They had fought this battle together since their siivahnurah. Ahrdree was very familiar with the effects of pessimism. Remember, siiur’kiirehn: just because you discovered the way the Device affects us does not mean you created the effect. It is now up to us to make sure Ev and Rig can learn to withstand the Device as we have.

What if they can’t?

Ahrdree was silent. He knew there was no right answer to her question. After a moment, Janet knew she had asked him something impossible to answer, and let it drop.

Across the table, Ev cleared his throat. She refocused on his face. Taking a deep breath, she blew on the surface of her coffee, rippling and cooling it. She used it as a blatant delaying tactic; it gave her more time to think.

“Do you feel up to talking about your trip?” he asked tentatively, setting down his own coffee mug.

“I guess so. Avoiding it won’t make it any easier.”

“If it helps, I can tell you about what happened with that key I had…the one we argued over.”

She frowned, remembering the argument and the key. “Sandra’s key…” She was more than willing to put off telling about her adventure by listening about his.

“Yeah…Sandra’s key. It turns out, that the guy who killed her is her dead father’s best friend. It also turns out that Skarlatos has a spy in his organization.”


“The guy who killed Sandra. His name is Artie Case. At any rate, I found the safe deposit box that went with the key and found some letters. The letters were the link.”

“Then it’s over?”

“No…unfortunately,” Ev shook his head and tossed a small manila envelope onto the table. “Now there’s another key I need to deal with.”

She picked up the tiny parcel, opened it, and after examining the key it contained for a few seconds, set it down. “What will you do?”

Ev shrugged. “I guess I’ll have to find out where the new one leads. I’m not afraid to say I’d rather not, but what else can I do? Case is still in control of my daughter’s future–only now the situation is a bit stranger than it was.”

“Stranger? Could it get any stranger that it already is?”

“Oh yeah. It’s gotten a lot stranger. Picture this: Case works for the government; he’s under cover.”

“Under cover in Skarlatos’ organization?”

“Yup. Not only that, but he’s now using me as a weapon against Skarlatos by telling him I have his damned books…and I don’t. I still need to find them.”

“Will you?”

“I have to, but I’ll do it when I’m ready. Probably in the spring. I don’t think I dare put it off another two years, like I did last time. I do know one thing.”


With a soft voice, Ev held Janet’s gaze. “I’m not going on that trip without you.” He reached out and squeezed her right hand as it clasped the coffee cup.

Janet met his eyes, exhaustion warring with her will. “Remind me about it near my vacation in March.” With her left hand, she rubbed her face. “I wish you had been with m-me on my trip as well.”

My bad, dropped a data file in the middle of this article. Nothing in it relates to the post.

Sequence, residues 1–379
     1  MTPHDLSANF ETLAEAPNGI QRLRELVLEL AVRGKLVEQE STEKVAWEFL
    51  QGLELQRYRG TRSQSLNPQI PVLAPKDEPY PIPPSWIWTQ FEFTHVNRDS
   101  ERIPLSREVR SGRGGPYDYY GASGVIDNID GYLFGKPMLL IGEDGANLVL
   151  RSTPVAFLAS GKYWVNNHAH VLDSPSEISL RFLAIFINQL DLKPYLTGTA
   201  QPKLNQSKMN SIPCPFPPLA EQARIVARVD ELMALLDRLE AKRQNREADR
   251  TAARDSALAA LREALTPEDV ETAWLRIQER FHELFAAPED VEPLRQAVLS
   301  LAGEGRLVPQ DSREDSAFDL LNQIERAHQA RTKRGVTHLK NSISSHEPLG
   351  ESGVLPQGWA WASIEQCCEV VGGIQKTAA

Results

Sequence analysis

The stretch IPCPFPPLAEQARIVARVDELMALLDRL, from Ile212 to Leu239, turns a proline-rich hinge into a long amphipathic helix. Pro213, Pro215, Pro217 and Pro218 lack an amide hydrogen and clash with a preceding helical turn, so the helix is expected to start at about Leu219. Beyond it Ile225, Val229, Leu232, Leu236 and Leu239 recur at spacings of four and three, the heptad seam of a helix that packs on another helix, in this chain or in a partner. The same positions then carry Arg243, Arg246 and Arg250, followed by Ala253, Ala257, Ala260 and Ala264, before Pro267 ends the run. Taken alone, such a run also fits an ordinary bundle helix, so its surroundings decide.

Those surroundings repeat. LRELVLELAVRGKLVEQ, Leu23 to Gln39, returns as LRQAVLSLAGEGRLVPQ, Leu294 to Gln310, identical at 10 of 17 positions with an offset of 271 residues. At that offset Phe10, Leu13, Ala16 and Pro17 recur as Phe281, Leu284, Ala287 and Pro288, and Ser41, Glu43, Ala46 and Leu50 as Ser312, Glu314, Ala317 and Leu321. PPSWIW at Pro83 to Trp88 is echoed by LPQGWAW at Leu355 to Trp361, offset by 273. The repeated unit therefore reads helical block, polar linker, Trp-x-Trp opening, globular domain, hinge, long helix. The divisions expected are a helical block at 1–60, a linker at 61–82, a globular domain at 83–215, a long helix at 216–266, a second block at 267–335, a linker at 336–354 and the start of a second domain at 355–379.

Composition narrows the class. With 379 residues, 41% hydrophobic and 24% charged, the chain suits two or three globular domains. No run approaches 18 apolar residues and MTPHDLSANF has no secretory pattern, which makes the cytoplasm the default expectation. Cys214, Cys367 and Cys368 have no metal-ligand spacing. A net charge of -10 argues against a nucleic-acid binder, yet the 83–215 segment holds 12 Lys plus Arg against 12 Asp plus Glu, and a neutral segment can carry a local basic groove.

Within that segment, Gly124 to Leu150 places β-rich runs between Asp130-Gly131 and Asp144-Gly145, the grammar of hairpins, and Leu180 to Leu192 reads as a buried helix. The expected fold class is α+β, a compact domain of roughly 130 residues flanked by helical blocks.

“Are you up to talking about it tonight?”

She nodded, not at all sure she was telling the truth.

Though Ev doubted she was as ready to talk as she claimed, he let her begin. As the story unfolded, he became increasingly surprised. His first shock was how far news of his and Rig’s Kiiyahkihn had traveled. That article in the ‘Great American Journal’ has had more of an impact than I ever believed possible.

However, Jenine responded, the effect has been positive…at least among those Janet met.

True, Ev admitted, juggling Janet’s telling of her escapades with the silent conversation with his silicrys.

Then, Janet told of the night when Ian and Zehn’rah were killed. As she spoke of it, tears streamed down her face. Slowly at first, they glistened individually, then merged into solid rivulets of remembered grief. There was a few seconds of silence while Jenine and Ahrdree exchanged a series of rapid-fire images and sensations. The mere edge of those thoughts singed Ev’s mind, vividly presenting what had been an ephemeral dream-event before. He felt his chest constrict, recalling the morning when he had felt the echo of that event. Now he knew the circumstances behind the haunting visions in 1019’s cab up at Long Lake. They just killed them out of spite! They were innocent!

In the eyes of those that pursued Janet, Ian and Zehn’rah were a bonus…an unexpected windfall. They were trying to kill Janet and Ahrdree’ehn.

But they couldn’t. Ian and Zehn’rah died instead!


As he listened to her story, he saw the pattern that was emerging and blurted: “You were getting immune to it!”

Jan met his eyes, pain in them. “Yes. The more that Barnes used the Device on us, the more it took to knock us down. Ian and Zehn’rah couldn’t withstand it. It was my fault–”

“No…no, no Janet,” he whispered, feeling her aching regrets and self-blame. “The blame rests with Barnes. He used it to kill, not you. Ian apparently had the chance to escape–by what you’ve told me.”

Mutely, she nodded, clutching the now-empty cup.

“Then he chose to stay with you and help. You were not twisting his arm, I’m sure.”

“I tried to get him to leave, but he wanted to stay with his crew.”

Her silent sobs made him wish to hold her and comfort her, but he knew she needed to work through the grief or it would cripple her as much as Sandra’s death had crippled him. Gently, Ev asked, “What happened after that?”

“Ian’s Foreman put me on a t-train headed east. When I got to Syracuse, I m-met Benjamin. He’s ahnjehnihree like me. He’s a lot like you physically, though–kind of. He invited me to Albany, and I stayed with his family over Christmas. Barnes followed us there.”

“Like me, huh…” Ev grinned briefly, mentally seeing the tall Albany engineer as Janet pictured him in her mind. Do I look that old? Remind me never to grow a beard, Jen.

The silicrys silent laugh was like glass chimes in a soft breeze.

“His temper is like yours, but he’s actually a bit more like Rig, though I don’t believe there’s any way of adequately describing what he’s really like without you meeting him. He’s very proud and a bit of a chauvinist.”